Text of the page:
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Tipping Your Wedding Vendors: A Comprehensive Gratuity Guide for Your Special Day

As wedding seasons gets into full swing, so many of couples are wondering what they should tip their vendors? With weddings being huge investments already, I always want couples to feel like they are educated and prepared for tipping their vendors!

A few things before we dive in:

1. First take a good, hard look at your wedding contracts. Read through them to see if a gratuity is included. It's pretty standard for it to be covered in your venue, catering, and even transportation contracts. When it is, no additional tipping is required or expected.

2. A "service charge" is not necessarily a gratuity. Whyyy are contracts so confusing? Okay, here's the deal: A "service charge" is a mandatory fee that gets added to your venue and/or catering contract. Service charges don't necessarily go directly to employees, so you'll need to ask how that money is being used. This extra fee can be applied to anything from venue maintenance to administrative costs, so unless you see the word "gratuity" spelled out on your final bill, a tip may no be included in the final cost.

3. Prep tips in advance. On the Monday or Tuesday of your wedding (don't leave this to Friday before the rehearsal), go to the bank, pull out cash, and put each tip into a labeled envelope. Then bring them to us at your rehearsal so we can hand them out over the course of the wedding. Many vendors prefer cash, it it is the easiest way for you to provide a tip. Things like a check in the mail or Venmo/Zelle are great, but do you want to worry about tipping your vendors after the wedding is over and you're coming down from it all? Probably not.

4. And finally, unless it's built into your contract, tipping is never mandatory. If you simply don't have funds to spare, you can express your appreciation in other ways. Write your vendors a rave 5-star review online, let them use some stunning photos from your wedding for their portfolio, give them a big bottle of wine, or send them a handwritten thank-you note. They will appreciate any acknowledgment of the time and care they put into your wedding day!

Here's a breakdown of tipping etiquette for some of the most common wedding vendors:

1. Photographer/Videographer:

- Tipping: Consider tipping $100-350 per photographer/videographer, especially if they go above and beyond or provide additional services such as extra hours or editing.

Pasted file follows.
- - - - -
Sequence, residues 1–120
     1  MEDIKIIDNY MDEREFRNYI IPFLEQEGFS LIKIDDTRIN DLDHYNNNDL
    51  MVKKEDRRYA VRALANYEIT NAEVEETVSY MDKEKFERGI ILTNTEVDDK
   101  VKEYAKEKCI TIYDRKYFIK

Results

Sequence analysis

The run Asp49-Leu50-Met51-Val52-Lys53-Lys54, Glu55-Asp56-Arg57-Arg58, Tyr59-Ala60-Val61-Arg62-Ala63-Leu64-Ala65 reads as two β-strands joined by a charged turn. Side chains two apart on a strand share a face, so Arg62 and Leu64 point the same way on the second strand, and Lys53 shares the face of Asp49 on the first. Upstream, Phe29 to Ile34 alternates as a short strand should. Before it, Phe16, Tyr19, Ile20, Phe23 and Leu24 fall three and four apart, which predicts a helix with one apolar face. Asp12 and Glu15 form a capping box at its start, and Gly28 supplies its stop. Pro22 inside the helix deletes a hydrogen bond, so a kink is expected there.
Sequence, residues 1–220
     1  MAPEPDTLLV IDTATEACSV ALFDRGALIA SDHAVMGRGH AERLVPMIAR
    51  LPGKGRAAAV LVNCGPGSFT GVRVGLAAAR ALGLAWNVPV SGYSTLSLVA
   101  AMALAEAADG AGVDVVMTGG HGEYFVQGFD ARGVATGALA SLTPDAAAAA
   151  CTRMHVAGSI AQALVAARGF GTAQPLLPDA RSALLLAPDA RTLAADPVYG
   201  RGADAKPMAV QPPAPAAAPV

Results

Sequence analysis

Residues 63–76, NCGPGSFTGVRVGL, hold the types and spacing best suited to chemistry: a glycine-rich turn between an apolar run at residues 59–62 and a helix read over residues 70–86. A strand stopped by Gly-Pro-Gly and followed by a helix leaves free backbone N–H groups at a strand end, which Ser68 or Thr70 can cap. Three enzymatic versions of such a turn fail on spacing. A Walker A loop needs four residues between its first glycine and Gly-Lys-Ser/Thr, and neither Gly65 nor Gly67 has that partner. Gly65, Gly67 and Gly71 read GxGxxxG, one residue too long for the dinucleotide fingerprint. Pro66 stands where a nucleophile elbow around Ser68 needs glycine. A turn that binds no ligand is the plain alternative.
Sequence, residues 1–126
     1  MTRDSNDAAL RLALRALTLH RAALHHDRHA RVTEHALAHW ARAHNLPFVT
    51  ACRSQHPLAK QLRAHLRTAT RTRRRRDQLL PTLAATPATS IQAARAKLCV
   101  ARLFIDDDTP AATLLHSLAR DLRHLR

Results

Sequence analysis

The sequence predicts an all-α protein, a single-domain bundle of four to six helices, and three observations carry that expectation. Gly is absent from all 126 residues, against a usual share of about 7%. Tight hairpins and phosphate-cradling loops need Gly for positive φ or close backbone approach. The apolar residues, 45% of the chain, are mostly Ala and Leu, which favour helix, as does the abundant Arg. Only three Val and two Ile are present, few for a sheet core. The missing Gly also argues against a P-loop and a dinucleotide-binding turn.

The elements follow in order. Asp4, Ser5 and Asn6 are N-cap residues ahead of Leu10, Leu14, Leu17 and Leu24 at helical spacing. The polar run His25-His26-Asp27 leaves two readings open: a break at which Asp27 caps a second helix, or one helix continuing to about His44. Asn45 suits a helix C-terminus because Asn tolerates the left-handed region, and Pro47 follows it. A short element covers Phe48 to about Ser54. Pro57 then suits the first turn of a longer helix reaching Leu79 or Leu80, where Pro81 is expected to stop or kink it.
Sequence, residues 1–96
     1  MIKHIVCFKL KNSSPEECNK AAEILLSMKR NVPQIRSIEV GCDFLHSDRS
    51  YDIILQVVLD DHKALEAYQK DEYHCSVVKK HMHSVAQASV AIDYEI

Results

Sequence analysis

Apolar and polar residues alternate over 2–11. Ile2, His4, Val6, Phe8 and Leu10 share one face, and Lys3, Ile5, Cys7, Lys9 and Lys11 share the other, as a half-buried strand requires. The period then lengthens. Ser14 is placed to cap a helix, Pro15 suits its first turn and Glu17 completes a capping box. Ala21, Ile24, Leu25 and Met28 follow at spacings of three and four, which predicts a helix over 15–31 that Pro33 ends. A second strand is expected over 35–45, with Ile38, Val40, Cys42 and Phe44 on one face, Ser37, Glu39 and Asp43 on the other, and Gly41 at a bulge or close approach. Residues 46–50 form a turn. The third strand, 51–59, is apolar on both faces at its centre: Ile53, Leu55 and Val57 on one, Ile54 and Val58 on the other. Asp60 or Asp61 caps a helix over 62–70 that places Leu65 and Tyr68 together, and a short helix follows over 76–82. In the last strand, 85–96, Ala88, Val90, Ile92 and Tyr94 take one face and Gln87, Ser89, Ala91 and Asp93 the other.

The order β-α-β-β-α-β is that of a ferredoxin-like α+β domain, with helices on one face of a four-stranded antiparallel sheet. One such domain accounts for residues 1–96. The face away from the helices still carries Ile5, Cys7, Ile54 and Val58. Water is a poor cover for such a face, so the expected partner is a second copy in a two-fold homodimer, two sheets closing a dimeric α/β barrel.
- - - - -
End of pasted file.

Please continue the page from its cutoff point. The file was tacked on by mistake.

- Exceptional Service: If your photographer/videographer has made the planning process easier (i.e. provided photo/video guides, helpful resources, suggestions for timing and photo groupings, etc.) and made you excited about being in front of the camera, consider showing your appreciation with gratuity.

2. Catering Staff:

- Tipping: A gratuity of 15-25% of the food and beverage total is customary for catering staff, unless it's included in the contract as a service charge. You do not need to tip on top of labor, staffing, administrative fees + taxes, or rentals!

- Timing: If the gratuity is not included in the contract, arrange to tip the catering staff on the day of the event, preferably in cash, to distribute among the team.

3. Hair and Makeup Artists:

- Tipping: Many hair and makeup artists will build in a 20% gratuity into the contract. If they don't, consider tipping 20-25% on the total cost of services for the artists to split amongst themselves day-of. If ladies are paying for services individually, encourage them to tip their individual artist with cash after their service.

- Trials: If you had a trial session before the wedding, consider tipping a smaller amount at the time of the trial or including it in the final gratuity.

4. DJ/Band:

- Tipping: For ceremony musicians (strings, pianists, percussionist, etc.) consider tipping $20-40/per musician. For live bands, a $40-50 tip per musician is greatly appreciated. If you're having a DJ for the dance party, $50-$150.

- Requests: If your DJ or band accommodates special requests or learns specific songs for your special dances, consider a higher tip to recognize their flexibility and professionalism.

5. Transportation:

- Tipping: Gratuity is almost always included in shuttle costs. Check your invoice or itinerary to make sure it's included.

6. Rental Delivery + Installs:

   - Tipping: If you're renting large furniture items (tables, chairs, bars, lounge setups, etc.) a tip of $20-$50 for the delivery and pick up team is always appreciated! These folks often get forgotten when it comes to gratuity, and they're the ones doing most of the heavy lifting!

7. Officiant:

   - Tipping: Church or synagogue: up to $500 donation ($50 - 100, if you’re being charged to use the space)

Non-denominational officiant: $50 – 100 Friend: we'll leave this one up to you ;)

8. Florals:

   - Tipping: While it is never expected, florists greatly appreciate a sign of appreciation for their hard work and creativity. Florists have a very labor intensive job that starts days before the wedding and often extends a few days after the wedding is over. If your florist has been extra thoughtful and creative (and stays on-site for repurposing or styling) consider tipping $50-200.

Consider tipping any vendor, sales representative, business owner, etc. who has made your wedding planing process go smoothly, left you feeling stress free on your wedding day, or been a pleasure to work with!

As you plan your wedding budget, remember to include gratuity for your vendors into your overall budget, so you're not left feeling like you need to come up with more money just days before the wedding!


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